5 Mistakes You Are Making in Your Healthy Breakfast

A plate full off pancakes, bacon, sausage, eggs, and one strawberry

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Not all "breakfast foods" are nutritious and choosing the wrong foods can turn your healthy morning meal into a high-calorie, nutrient-poor mess. Here are some common ways that people ruin a healthy breakfast:.

Making Breakfast Too Sugary

Take a look at all those pre-sweetened cereals next time you go to the grocery store. Most of these sugary cereals are just boxes of candy with a few vitamins and minerals added into the mix. But the problem isn't just pre-sweetened cereal – many people associate breakfast with sweet pastries, loads of syrup, and frosted things you pop into the toaster.

Fix It: Avoid Extra Sugar

  • Choose unsweetened, whole grain cereals. Add your own sugar (but no more than a teaspoon).
  • Instead of pastry, toast a slice of whole grain bread and then top it with a 100-percent fruit spread.
  • Top hot oatmeal with fresh berries and chopped walnuts. If you need sweetness, add a dab of real maple syrup or a teaspoon of brown sugar.

Not Including Enough Protein

Isn't it interesting how we associate certain foods with breakfast? Sugary cereals, pancakes, and waffles smothered in syrup appeal to many people. They're high in starch and sugar and low in protein. Protein keeps you feeling full longer so you won't feel so hungry in the middle of the morning.

Fix It: Boost Protein

  • Have a piece of 100-percent whole-grain toast with peanut butter or almond butter and a glass of milk.
  • Try salmon or tuna with light cream cheese or mayo on whole grain bagels or toast.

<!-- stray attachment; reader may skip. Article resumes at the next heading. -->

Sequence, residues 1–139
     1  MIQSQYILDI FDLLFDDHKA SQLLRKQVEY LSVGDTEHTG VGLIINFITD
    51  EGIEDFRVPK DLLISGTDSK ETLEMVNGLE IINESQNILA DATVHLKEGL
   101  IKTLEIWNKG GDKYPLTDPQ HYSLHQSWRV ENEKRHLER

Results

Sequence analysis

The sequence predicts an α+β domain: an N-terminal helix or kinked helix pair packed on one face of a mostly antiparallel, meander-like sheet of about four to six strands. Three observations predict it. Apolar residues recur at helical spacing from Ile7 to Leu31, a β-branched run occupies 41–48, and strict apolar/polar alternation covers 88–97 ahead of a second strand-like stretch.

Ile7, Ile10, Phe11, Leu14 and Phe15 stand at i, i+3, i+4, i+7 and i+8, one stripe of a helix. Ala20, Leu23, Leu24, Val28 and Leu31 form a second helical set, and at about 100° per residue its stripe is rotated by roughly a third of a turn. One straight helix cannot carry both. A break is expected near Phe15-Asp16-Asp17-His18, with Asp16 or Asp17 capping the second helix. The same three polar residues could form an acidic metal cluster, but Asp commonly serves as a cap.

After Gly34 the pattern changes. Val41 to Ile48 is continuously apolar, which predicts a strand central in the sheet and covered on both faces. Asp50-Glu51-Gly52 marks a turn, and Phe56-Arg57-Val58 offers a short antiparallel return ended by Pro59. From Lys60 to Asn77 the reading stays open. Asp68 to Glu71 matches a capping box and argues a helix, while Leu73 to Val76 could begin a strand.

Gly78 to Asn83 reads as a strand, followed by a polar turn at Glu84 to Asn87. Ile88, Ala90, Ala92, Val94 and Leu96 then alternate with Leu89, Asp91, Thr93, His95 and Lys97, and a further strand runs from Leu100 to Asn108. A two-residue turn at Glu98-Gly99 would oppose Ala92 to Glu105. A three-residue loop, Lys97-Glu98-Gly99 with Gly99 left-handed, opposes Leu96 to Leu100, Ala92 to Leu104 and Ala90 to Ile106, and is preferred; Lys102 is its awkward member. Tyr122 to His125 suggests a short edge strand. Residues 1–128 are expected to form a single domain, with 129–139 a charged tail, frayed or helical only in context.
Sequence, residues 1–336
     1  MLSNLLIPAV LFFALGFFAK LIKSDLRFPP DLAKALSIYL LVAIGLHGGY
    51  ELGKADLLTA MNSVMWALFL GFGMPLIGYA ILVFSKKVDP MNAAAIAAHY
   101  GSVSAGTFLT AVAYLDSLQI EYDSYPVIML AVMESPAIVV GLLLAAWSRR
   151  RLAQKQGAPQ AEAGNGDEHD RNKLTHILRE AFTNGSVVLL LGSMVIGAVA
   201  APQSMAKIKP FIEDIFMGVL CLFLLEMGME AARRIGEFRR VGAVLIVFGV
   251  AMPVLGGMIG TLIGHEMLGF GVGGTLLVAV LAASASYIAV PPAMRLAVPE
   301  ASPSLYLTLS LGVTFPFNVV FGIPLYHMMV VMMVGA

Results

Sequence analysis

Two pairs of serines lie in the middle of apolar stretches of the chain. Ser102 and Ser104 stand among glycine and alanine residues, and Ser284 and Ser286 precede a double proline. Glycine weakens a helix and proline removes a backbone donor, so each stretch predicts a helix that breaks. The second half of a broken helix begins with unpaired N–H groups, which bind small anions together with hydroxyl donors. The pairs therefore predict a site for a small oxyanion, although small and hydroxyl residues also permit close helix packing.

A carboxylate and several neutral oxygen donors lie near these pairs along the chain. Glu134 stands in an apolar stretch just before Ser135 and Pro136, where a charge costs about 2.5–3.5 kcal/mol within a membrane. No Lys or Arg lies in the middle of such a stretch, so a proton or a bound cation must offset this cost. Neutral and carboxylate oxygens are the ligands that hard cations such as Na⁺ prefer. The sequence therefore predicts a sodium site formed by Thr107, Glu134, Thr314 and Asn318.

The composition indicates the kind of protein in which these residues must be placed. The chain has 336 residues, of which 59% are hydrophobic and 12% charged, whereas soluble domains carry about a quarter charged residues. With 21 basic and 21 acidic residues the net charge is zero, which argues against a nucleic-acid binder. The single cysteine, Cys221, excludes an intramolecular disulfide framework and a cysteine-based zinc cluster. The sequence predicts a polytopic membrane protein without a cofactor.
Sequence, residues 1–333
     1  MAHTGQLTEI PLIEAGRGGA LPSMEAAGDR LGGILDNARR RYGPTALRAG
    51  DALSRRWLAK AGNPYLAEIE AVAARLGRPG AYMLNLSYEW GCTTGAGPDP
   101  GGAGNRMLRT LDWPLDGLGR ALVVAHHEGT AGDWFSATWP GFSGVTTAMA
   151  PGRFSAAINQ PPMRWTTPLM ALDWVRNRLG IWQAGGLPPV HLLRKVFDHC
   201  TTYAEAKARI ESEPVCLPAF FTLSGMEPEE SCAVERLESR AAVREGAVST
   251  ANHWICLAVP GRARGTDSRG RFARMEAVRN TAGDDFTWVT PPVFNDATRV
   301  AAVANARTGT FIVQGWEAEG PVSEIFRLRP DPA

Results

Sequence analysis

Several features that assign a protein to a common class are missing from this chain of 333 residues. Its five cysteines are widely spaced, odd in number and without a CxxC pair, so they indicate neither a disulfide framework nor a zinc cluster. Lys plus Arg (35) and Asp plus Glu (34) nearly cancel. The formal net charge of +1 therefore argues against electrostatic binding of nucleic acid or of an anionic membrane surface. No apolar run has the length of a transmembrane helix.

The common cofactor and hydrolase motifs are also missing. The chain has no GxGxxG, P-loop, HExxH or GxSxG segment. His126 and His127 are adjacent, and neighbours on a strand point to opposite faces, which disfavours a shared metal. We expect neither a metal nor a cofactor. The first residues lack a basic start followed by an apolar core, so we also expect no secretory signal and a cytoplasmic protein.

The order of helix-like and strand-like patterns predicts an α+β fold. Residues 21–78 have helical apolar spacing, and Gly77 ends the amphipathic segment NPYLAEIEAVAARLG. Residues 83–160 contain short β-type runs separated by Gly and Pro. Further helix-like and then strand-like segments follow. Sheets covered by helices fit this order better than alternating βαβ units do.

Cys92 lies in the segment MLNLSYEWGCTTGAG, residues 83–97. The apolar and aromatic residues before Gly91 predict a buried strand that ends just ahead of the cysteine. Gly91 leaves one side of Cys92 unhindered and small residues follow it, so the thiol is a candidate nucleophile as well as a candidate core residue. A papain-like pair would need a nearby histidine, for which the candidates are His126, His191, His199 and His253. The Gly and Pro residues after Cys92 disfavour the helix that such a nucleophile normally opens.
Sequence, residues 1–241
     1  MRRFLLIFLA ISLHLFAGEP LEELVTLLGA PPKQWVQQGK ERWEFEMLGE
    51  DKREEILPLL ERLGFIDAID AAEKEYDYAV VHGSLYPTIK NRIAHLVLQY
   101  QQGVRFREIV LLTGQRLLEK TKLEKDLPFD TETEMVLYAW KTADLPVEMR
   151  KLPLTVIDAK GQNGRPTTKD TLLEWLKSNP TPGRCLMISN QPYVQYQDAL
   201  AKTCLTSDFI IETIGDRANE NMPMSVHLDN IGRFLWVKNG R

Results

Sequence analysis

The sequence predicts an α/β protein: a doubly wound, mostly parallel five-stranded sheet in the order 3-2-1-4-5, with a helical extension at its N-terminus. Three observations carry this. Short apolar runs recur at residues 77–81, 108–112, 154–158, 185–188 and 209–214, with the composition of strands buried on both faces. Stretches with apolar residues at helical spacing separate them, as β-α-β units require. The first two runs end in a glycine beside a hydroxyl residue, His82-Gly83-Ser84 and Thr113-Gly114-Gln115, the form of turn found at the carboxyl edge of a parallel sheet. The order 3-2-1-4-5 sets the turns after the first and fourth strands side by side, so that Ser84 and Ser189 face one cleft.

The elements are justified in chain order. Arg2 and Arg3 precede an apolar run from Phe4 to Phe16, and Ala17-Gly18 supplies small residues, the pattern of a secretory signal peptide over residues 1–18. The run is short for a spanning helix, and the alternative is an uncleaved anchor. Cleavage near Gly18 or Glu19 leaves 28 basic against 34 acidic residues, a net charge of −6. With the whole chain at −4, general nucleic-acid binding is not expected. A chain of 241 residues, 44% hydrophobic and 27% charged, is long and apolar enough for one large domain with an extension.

• Add protein powder to a fruit smoothie.

Avoiding Whole Grains

Most of those sugary breakfast cereals and pastries are also low in fiber. Whole grains provide fiber, which can keep your cholesterol levels and keeps your digestive system healthy.

Fix It: Choose Whole Grains

  • Eat whole grain, unsweetened hot or cold breakfast cereals.
  • Use whole grain bread instead of white bread for your toast.
  • Make low-fat oat bran muffins.

Not Eating Any Fruit or Vegetables

Fruits and vegetables are usually low in calories and rich in nutrients and phytochemicals. Experts recommend that we eat five to nine servings of fruits and vegetables every day (no, that bowl of fruit-flavored cereal doesn't count).

Fix It: Pick Produce

  • Make an omelet with mushrooms, peppers, and onions.
  • Slice a grapefruit or orange in half and serve with whole grain toast with peanut butter.
  • Add berries, raisins, or bananas to your whole grain cereal.

Skipping Breakfast Altogether

Maybe you skip breakfast because you're in a hurry, or you think skipping breakfast is a good way to cut calories. But it really isn't. People who skip breakfast are more likely to be overweight, probably because they eat too much later in the day.

Fix It: Make Breakfast Easy

  • Keep ready-to-eat foods handy: hard-boiled eggs, nuts, and fresh fruit.
  • Make a fruit smoothie.
  • Make your own energy bites with healthy ingredients.
Verywell Fit uses only high-quality sources, including peer-reviewed studies, to support the facts within our articles. Read our editorial process to learn more about how we fact-check and keep our content accurate, reliable, and trustworthy.
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  • Lichtenstein AH, Kennedy E, Barrier P, Danford D, Ernst ND, Grundy SM, Leveille GA, Van Horn L, Williams CL. "Dietary Fat Consumption and Health." Booth SL.Nutr Rev. 1998 May;56(5 Pt 2):S3-19; discussion S19-28. 

  • Stevenson EJ, Williams C, Mash LE, Phillips B, Nute ML. "Influence of High-Carbohydrate Mixed Meals With Different Glycemic Indexes on Substrate Utilization During Subsequent Exercise in Women." Am J Clin Nutr. 2006 Aug;84(2):354-60. 

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By Shereen Lehman, MS
Shereen Lehman, MS, is a former writer for Verywell Fit and Reuters Health. She's a healthcare journalist who writes about healthy eating and offers evidence-based advice for regular people.